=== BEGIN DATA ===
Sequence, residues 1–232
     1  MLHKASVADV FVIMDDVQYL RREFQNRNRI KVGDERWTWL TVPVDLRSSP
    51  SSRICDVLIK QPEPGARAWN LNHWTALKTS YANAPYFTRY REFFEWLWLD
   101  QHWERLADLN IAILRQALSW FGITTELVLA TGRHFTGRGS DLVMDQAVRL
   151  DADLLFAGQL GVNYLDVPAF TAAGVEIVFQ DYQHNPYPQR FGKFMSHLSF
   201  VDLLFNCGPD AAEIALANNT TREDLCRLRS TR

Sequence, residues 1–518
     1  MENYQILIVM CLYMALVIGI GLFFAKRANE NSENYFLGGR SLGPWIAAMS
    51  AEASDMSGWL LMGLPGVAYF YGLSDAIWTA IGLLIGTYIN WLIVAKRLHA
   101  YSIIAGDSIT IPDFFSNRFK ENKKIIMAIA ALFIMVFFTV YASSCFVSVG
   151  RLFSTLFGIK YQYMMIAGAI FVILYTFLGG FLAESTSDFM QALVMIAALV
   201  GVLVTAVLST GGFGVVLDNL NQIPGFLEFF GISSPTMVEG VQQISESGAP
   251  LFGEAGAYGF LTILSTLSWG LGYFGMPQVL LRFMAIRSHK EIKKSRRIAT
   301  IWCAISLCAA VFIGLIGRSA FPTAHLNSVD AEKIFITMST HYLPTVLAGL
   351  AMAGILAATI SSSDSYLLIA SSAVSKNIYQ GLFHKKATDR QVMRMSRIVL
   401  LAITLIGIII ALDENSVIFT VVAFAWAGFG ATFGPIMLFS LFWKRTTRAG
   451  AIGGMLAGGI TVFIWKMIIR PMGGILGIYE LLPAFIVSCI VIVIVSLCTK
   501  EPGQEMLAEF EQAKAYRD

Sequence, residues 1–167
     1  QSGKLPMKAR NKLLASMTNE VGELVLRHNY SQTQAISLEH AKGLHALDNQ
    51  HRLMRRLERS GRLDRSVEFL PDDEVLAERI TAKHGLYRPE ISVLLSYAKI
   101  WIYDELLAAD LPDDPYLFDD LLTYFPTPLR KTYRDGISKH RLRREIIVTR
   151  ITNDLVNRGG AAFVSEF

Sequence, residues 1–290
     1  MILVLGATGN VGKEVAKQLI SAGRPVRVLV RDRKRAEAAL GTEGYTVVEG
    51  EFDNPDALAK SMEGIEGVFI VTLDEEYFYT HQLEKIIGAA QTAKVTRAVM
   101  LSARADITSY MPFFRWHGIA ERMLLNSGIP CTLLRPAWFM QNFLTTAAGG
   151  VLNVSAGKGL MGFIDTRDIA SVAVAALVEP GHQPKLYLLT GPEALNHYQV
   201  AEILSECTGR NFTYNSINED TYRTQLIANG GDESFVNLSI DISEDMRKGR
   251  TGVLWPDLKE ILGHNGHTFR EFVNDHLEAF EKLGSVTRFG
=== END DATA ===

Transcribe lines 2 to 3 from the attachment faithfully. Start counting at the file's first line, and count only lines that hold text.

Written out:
     1  MLHKASVADV FVIMDDVQYL RREFQNRNRI KVGDERWTWL TVPVDLRSSP
    51  SSRICDVLIK QPEPGARAWN LNHWTALKTS YANAPYFTRY REFFEWLWLD